Wii Mini…Why?


We are now two weeks past the launch of the Wii U, a console that I have mixed feelings about. Sure I love being able to take a new system out for a test spin, but there is a lot about the Wii U that puzzles me. Is it a console that is trying to appease the hardcore gamer that was shunned by those who went towards the Wii? How will the new Gamepad work out? And most importantly, will stores be able to keep it in stock? Or will retailers intentionally hoard them to sell on eBay for a profit?

I can answer the last two questions right now. To my shock, I am able to find Wii U consoles in stock. However they tend to be the white Basic unit; finding the black Deluxe Set has been more of a challenge. As for the Gamepad, I’m not impressed. Sure I love the idea of an independent touchscreen, and the fact that I can switch gameplay to it should I want to have something else on my TV, but the primitive single touch resistive screen is no match for the capacitive touch screen of my Android tablet and phone. I’m already having troubles with the resistive touchscreen on my car GPS and I don’t want that to happen in my games.

Even worse, the Wii U’s infrastructure is not complete yet. Those I know who purchased it had to deal with an initial system update that took at least an hour to download. Sure it was slow due to network load, but Nintendo should have had it up and running before the Wii U was launched. We still have to wait for elements of Nintendo’s TVii service to be functional.

So for those who want to get a Wii U, I would suggest waiting until after the holiday. It might end up like the PlayStation 3. Remember how limited and incomplete that was during its launch, yet people were still willing to spend at least 599 US dollars for one. Eventually the architecture improved over the time. There are still a few nagging issues like the lack of PS2 compatibility, removal of installing other OS’s, Sony’s stock dropping down to junk status, and of course the PlayStation Network security breach. The PlayStation 3 ended up being wildly successful.

But yeah, I’m going to hold off on the Wii U myself, but what about those who, for some strange reason, still want to get the original Wii? They can still get it in stores, but for some reason, Nintendo is offering Canadian customers a strange alternative. Earlier this week, they announced the Wii Mini.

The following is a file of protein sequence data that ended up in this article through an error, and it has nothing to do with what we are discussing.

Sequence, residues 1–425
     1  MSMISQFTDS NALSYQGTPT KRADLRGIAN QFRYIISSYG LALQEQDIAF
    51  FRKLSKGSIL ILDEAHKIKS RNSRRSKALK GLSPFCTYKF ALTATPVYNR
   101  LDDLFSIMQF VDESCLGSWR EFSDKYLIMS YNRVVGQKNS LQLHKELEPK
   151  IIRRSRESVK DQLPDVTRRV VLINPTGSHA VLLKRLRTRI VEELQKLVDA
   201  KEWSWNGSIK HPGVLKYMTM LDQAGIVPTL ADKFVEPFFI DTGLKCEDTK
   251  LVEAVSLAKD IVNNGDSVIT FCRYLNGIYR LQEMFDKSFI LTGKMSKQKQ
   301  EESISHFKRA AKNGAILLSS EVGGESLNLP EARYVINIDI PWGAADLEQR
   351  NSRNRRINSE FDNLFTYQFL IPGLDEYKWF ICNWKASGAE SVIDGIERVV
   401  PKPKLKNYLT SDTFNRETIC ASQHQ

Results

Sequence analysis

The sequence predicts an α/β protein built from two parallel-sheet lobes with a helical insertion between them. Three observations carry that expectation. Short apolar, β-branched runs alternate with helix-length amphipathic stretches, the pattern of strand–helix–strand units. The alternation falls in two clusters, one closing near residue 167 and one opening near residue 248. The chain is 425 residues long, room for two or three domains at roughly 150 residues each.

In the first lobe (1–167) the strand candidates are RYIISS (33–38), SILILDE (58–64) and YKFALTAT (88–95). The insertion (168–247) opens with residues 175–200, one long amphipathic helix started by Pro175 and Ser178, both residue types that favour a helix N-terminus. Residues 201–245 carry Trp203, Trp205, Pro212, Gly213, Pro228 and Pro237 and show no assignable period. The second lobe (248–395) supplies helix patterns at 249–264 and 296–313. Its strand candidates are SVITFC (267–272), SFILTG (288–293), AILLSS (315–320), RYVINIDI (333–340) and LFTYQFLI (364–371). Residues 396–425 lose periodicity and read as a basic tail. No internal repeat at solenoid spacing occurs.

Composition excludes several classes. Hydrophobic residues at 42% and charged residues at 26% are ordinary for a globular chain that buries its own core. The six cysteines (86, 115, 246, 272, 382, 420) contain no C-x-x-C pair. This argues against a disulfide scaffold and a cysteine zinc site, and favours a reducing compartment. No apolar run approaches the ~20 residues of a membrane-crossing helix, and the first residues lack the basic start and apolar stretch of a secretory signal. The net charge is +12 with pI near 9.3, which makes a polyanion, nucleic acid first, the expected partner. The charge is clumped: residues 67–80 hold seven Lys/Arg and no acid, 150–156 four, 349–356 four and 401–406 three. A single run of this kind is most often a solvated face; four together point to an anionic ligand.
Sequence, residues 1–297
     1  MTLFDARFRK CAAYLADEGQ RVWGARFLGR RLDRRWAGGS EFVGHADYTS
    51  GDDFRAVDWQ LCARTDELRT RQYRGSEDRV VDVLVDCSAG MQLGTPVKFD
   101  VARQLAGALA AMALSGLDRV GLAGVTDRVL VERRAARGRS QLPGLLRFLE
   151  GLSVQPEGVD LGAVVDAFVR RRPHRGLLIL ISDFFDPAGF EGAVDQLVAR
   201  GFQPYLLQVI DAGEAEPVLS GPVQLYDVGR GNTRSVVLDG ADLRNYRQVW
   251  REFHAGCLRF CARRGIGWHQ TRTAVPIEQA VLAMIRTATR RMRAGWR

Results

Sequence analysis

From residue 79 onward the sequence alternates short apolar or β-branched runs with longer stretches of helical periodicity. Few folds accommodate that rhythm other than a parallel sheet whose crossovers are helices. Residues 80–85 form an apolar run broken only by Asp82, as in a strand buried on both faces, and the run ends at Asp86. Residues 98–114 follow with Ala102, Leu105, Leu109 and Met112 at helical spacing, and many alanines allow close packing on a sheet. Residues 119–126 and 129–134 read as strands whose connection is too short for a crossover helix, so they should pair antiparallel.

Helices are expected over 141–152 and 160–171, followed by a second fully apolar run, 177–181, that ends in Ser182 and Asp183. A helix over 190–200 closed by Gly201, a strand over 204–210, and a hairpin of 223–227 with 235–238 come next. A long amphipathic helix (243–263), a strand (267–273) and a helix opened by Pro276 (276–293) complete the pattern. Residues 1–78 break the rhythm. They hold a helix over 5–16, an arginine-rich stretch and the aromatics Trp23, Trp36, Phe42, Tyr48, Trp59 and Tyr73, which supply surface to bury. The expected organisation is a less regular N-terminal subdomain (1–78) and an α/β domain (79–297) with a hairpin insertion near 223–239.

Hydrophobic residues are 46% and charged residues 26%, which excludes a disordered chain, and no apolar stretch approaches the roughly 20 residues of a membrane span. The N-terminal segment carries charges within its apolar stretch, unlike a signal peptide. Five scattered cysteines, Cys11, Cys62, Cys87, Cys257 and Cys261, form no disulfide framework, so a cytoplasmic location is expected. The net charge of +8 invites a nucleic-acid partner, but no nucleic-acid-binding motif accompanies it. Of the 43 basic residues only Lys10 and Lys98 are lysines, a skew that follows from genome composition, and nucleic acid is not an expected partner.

Almost sounding like something that Apple would come out, the Wii Mini is being released for 99 Canadian dollars and is being described as ‘all about the games.’
It would make sense that they would release a smaller version of the Wii with the release of a new advanced system. After all, they did it with both the original NES, the successor best known as the Top Loader, and the SNES (the lesser known SNES 2,) so why not the Wii?

I’ll tell you why not. The Wii Mini is missing something critical: WiFi access, or for that matter, Internet access of any kind at all! What does that mean for those who buy the Wii Mini? No Netflix. No Nintendo WiFi Connection. And worst of all, No Virtual Console!

That was one of the reasons I owned a Wii in the first place, as I could legally replay some of the classics I grew up with. Why release a Wii console without Internet access for $99, especially when an Internet capable Wii console is only $30 more?

To me, the Wii mini is a missed opportunity. I dare say it might be this year’s equivalent of the PSPgo. Sometimes I have to wonder what Reggie is thinking when he approves something like this.

Currently Playing: Halo 4 (360)

Waiting For: MAGFest

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